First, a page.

Okay, so you’ve seen a guitar on eBay that you want. Sure, there are good pictures and the listing looks legit, but how do you know that the guitar is structurally and electronically sound? The best way to be sure before you pay is to collect in person and check it out before you hand over the cash.
What to Look For
There are several things that you should check on a guitar before you buy it. These things might take a while, but it’s well worth it to make sure that the guitar is okay before you buy. Cash on collection is essentially “sold as seen” and has no Paypal protection, so you’re well within your rights to spend twenty minutes checking it out.
The neck of a guitar should be *almost* straight. Yes, a little bit of forward bow (called the relief) is usually desirable, but this is very slight. If you look down the edge of the fretboard from the headstock end, the neck should be almost perfectly straight. If the neck is bowed more this isn’t necessarily a problem as the truss rod can be adjusted to straighten it out, but that will mean taking it to a guitar tech or having a go at adjusting it yourself.
Any bow in the neck should be very smooth too – a constant, slight curve from one end of the neck to the other. If the neck has an ‘s’ shaped bend in it, this can be very hard to rectify and it might be worth walking away. As with all these things, it’s hard to say if it will be impossible to remedy, but it’s certainly something to look out for.
To properly test the electronics you’ll need to be able to plug the guitar into an amplifier. Once plugged in, play some chords and check all the switches and pots. Everything should work correctly with no crackles, pops or buzzes – especially the jack socket. A distorted sound can be great at uncovering wiring and electronic issues as buzzes etc will be much louder.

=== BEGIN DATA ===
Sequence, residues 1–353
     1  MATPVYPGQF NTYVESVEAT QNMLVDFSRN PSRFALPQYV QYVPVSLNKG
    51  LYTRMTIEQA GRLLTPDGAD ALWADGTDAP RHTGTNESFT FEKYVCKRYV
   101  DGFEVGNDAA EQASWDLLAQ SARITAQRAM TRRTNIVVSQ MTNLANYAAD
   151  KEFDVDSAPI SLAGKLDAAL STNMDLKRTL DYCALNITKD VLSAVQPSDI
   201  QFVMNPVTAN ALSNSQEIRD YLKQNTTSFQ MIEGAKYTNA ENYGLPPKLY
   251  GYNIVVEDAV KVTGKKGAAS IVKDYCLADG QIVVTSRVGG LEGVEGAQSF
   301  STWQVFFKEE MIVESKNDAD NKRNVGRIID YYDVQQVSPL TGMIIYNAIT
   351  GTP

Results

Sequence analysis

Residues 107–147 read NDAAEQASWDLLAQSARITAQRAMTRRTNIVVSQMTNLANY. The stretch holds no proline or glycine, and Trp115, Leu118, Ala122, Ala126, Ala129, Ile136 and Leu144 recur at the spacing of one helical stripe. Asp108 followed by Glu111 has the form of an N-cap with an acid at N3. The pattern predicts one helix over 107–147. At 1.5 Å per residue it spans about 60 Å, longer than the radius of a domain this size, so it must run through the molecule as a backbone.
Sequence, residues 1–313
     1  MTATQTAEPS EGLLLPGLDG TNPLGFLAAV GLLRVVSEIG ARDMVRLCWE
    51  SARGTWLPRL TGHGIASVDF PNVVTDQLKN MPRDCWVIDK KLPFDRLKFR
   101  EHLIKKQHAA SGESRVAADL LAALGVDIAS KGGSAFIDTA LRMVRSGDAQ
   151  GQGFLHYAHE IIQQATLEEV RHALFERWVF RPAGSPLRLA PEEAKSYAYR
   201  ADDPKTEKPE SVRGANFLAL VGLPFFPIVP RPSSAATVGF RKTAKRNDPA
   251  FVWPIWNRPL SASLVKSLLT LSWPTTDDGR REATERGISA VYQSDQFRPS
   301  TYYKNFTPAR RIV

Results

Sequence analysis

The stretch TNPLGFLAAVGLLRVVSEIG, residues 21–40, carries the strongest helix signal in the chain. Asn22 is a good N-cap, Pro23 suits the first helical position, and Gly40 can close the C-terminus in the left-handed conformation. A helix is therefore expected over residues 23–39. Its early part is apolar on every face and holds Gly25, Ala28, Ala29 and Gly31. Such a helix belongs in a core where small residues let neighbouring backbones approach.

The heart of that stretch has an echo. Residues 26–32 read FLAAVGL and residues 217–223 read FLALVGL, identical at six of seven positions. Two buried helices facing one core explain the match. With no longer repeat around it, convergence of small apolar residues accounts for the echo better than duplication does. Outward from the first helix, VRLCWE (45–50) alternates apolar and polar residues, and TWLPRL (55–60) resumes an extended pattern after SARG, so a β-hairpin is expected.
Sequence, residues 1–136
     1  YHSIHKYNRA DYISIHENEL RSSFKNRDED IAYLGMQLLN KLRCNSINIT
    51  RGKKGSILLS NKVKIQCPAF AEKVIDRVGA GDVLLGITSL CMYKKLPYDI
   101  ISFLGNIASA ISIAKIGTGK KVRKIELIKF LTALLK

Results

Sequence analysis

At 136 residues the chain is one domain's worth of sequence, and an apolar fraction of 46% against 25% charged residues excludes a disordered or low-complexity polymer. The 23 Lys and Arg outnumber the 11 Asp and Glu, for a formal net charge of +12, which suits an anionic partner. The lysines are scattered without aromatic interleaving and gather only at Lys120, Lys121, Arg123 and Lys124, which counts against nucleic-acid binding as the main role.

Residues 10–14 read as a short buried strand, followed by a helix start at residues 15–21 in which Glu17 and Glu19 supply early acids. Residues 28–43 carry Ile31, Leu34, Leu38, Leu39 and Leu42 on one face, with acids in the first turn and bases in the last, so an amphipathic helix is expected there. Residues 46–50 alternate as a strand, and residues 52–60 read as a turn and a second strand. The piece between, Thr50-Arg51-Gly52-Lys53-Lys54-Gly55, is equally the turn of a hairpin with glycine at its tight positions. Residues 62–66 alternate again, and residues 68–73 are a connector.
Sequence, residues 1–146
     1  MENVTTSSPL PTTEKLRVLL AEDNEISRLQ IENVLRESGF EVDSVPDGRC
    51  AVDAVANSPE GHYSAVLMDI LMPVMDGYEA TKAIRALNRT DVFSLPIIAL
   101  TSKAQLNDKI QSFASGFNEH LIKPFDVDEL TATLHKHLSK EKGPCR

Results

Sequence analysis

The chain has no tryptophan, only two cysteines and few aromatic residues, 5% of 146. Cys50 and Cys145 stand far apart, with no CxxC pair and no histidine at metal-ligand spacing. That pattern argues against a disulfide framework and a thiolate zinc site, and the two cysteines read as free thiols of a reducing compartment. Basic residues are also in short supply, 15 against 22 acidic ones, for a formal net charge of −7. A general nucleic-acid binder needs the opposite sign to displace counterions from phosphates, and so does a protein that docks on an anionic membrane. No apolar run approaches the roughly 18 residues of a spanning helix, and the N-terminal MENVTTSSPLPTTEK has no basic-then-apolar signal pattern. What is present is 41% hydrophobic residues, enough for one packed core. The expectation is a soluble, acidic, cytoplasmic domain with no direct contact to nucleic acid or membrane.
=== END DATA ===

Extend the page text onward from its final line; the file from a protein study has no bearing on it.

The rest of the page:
Slightly rustly pots can be cleaned fairly easily, but if the noise is severe they may need replacing and this can cost a fair bit – not welcome – especially if the guitar is very cheap. If you get any dropouts in the sound, start to worry. Wiring doesn’t cost a lot of money in parts (unless the pickups are damaged) but it can take time and effort to locate any stubborn faults.
Frets wear out over time. You can give them a fret dress to level them, if there is enough fret material left to work with, but if they are REALLY worn they may need replacing. A good refret can cost £200, so you really need to take this into account when buying a guitar.
Fret wear is pretty easy to spot and is usually most prevalent on the first couple of frets where open chords are played. Pull the strings to one side slightly and have a look. Deep ruts in the frets could be serious problem, especially if the frets are quite slim to start with (like on a vintage style strat). Slightly flattened fret tops are more common, and if this isn’t too severe a fret dress can usually sort it out. Some wear is common on a guitar that’s been played a lot, but many guitars only receive light use and so even if it’s old the frets may still be in excellent condition. Look for frets that are as close to new looking as possible.
At the end of the day, all of the three main points can help you to avoid buying a guitar that has faults that could be expensive to fix. That said, a trained eye is still needed to spot all potential issues so it may still be worth getting the guitar looked at by a trained professional. The vast proportion of guitars sold second hand are actually in perfect working order with just a few small wear and tear issues (perfectly normal) but a pro will always be able to give you the best opinion on the condition of the guitar you are looking to buy.
Does the guitar you’re looking at have a floating trem? Ever wondered if you really need a guitar with a floating trem system? Read this article on Floyd Rose type trems.
Not sure what type of guitar you actually want to buy? Read this buyer’s guide for life!
Questions, comments or suggestions? Leave a comment below or get in touch!